• In Pokémon Gold and Silver, Scyther was regarded as being better than its evolved form, Scizor. Scizor is the only evolution that does not increase the total base stats. Instead, points are taken out of the Speed stat and reallocated into the Attack and Defense stats. In competitive battling, Speed is a major deciding stat for determining what tier a Pokémon fits into. Additionally, while changing its second type from Flying to Steel gave it a lot of extra resistances, it also lost its resistance to Ground and gained a double weakness to fire. However, as of the third and especialy fourth gen, Scizor is no longer an example; in fact it is now the second most-used Pokémon in competitive play, only to Heatran, in no small part because Heatran both counters and has good synergy with Scizor. And It Got Better.
    • The mascot Pikachu is a minor case of Powerup Letdown. While its evolution Raichu has better stats overall, only Pikachu can make use of the damage-doubling Light Ball item. Even before this though, Raichu doesn't learn any moves through leveling up, meaning if you evolve Pikachu too early for the power boost, you'll miss out on the more powerful moves that it can learn (though admittedly this bit also applies to a large majority of the Pokémon that evolve via evolution stones).
    • The fifth gen added a lot more examples courtesy of its Eviolite item, which boosts the holder's defenses by 1.5x (but can only be held by a mon that has yet to evolve). While in many cases better stats overall tend to counterbalance the loss of Eviolite, there are some mons that are made substantially better by the item than their evolved form. One good example is Dusclops; its stats heavily lean it towards becoming a wall, which Eviolite helps massively, whereas evolving to Dusknoir increases all of its base stats by a mere five points except Attack which gains 30; admittedly useful, but nowhere near as much so as the defense boost which Eviolite can increase to up to nearly 200.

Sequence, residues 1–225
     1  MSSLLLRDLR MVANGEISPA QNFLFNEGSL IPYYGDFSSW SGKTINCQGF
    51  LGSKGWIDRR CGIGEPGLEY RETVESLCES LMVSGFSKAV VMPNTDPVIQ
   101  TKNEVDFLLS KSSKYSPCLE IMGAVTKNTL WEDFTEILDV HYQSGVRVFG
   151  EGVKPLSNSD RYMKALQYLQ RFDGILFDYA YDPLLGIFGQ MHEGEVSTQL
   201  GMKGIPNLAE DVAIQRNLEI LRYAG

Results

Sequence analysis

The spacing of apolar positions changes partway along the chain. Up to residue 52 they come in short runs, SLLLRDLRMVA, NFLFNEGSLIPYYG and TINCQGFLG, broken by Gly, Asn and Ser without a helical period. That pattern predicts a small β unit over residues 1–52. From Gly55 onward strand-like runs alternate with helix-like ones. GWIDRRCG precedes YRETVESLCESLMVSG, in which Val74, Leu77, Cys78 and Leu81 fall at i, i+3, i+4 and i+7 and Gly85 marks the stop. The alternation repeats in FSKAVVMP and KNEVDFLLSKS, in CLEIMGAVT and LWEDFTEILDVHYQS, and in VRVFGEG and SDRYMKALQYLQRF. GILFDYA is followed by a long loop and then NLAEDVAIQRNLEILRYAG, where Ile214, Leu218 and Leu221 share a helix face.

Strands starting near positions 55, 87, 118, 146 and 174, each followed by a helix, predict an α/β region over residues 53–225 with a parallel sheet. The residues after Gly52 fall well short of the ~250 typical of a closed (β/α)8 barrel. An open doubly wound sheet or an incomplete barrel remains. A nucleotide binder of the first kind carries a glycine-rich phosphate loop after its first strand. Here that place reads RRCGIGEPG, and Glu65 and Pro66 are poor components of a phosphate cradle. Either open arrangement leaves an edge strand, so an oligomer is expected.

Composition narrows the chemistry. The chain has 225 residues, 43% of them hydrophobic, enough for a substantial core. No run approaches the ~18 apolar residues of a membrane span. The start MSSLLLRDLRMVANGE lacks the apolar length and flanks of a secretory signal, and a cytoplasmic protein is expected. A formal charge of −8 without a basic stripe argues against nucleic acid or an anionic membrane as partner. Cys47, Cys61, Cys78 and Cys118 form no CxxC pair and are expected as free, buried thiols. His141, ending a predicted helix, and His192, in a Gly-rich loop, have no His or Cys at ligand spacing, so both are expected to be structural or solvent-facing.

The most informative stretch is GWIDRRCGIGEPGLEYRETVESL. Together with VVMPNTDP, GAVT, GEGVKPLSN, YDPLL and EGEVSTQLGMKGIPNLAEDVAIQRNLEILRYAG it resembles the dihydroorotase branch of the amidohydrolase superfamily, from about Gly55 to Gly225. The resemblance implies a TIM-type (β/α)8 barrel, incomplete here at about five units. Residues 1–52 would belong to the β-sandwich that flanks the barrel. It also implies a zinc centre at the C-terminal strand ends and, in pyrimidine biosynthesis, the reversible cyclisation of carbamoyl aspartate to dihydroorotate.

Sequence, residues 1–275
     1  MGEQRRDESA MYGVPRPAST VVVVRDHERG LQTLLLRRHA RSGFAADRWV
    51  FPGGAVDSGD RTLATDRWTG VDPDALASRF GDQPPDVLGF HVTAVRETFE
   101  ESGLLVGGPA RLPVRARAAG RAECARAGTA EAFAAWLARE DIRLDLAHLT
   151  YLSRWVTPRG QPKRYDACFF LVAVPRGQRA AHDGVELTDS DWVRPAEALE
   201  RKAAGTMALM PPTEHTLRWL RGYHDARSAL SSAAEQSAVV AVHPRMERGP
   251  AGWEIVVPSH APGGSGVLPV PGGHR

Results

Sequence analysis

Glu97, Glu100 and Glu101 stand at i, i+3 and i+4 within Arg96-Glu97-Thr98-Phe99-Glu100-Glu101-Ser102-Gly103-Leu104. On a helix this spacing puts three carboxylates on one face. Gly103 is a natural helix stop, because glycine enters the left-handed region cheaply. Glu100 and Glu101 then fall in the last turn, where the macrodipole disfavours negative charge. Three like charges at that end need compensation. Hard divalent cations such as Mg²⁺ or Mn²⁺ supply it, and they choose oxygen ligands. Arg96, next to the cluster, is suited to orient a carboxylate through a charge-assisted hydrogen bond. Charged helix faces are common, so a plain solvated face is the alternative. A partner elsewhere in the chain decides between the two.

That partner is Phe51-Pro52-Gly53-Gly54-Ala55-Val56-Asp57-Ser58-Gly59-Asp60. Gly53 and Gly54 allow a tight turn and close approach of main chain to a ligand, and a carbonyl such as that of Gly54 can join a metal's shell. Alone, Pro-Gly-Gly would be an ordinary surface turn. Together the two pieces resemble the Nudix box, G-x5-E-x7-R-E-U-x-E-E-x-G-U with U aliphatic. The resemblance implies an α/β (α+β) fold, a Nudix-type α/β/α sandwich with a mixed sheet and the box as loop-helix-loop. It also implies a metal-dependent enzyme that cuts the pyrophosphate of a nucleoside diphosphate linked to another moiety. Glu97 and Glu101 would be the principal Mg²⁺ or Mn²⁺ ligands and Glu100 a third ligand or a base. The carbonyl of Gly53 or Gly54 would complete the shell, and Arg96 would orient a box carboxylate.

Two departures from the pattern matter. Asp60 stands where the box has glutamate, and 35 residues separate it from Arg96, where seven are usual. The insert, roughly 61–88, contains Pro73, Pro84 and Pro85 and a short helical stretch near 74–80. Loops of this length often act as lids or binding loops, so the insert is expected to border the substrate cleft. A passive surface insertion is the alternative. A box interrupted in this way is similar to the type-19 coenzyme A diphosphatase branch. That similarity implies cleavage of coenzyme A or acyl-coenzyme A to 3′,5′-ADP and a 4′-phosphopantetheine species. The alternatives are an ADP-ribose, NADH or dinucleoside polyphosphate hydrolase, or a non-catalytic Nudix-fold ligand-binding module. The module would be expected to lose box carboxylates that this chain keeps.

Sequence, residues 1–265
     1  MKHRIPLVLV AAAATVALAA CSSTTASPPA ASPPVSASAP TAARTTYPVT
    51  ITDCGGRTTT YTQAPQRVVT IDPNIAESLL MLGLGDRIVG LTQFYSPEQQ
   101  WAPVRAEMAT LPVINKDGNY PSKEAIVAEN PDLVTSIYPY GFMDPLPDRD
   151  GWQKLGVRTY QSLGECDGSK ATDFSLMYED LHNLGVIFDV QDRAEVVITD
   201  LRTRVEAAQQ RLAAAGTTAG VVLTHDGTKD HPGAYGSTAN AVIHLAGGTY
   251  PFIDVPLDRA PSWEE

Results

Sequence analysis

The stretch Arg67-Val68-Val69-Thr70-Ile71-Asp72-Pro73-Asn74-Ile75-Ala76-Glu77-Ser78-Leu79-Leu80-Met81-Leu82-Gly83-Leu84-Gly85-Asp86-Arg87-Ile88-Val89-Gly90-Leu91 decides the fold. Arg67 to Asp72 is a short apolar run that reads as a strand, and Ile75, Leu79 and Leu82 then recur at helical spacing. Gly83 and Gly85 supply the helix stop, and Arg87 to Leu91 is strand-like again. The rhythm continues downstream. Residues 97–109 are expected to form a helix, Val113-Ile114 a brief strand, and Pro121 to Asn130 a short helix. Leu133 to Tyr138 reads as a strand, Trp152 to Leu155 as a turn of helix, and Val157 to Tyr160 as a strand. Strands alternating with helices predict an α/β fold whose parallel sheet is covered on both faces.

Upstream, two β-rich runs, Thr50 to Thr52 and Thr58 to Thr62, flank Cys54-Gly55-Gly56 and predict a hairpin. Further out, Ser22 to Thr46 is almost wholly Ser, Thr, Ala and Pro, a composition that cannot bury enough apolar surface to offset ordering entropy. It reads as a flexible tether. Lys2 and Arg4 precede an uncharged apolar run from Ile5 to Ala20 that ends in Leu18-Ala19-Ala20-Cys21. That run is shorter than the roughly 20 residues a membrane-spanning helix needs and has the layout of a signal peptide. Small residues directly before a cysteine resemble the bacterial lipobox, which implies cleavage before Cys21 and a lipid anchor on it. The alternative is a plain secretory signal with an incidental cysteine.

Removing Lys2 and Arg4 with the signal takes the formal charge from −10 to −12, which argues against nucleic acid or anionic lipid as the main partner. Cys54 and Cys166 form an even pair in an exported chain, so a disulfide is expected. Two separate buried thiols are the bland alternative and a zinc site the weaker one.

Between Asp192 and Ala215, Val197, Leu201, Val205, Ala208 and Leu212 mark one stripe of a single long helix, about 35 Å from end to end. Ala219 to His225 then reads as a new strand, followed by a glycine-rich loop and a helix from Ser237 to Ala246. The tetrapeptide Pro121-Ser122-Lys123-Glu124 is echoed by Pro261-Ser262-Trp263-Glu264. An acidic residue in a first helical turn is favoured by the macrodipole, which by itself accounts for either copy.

• The fifth generation also introduced the concept of "Hidden Abilities", new abilities available to various Pokemon, but only ones obtained in a certain way(usually by catching them through Dream World). However, a number of these Hidden Abilities are considered useless, either because the ability itself is bad, or because what the Pokemon already has is considered much better. A couple examples:
      • Delibird, as usual, seems to get it the worst. It's Hidden Ability is the sleep-preventing Insomnia, which doesn't seem too bad, until you remember that one of its original abilities, Vital Spirit, does the exact same thing.
      • Scizor is an example of both reasons at once. One of the main reasons it has become so popular is the synergy its moveset has with its Technician ability, so it would take a really good ability to outdo it. However, Scizor's Hidden Ability is Light Metal, whose only practical use is reducing the damage taken from Low Kick and Grass Knot, neither of which Scizor was particularly concerned about in the first place, meaning it's comparatively useless.
      • Starmie gets the Hidden Ability Analytic, which increases the damage it does if it moves last. However, Starmie is a Fragile Speedster, so its widely agreed upon that this will rarely happen.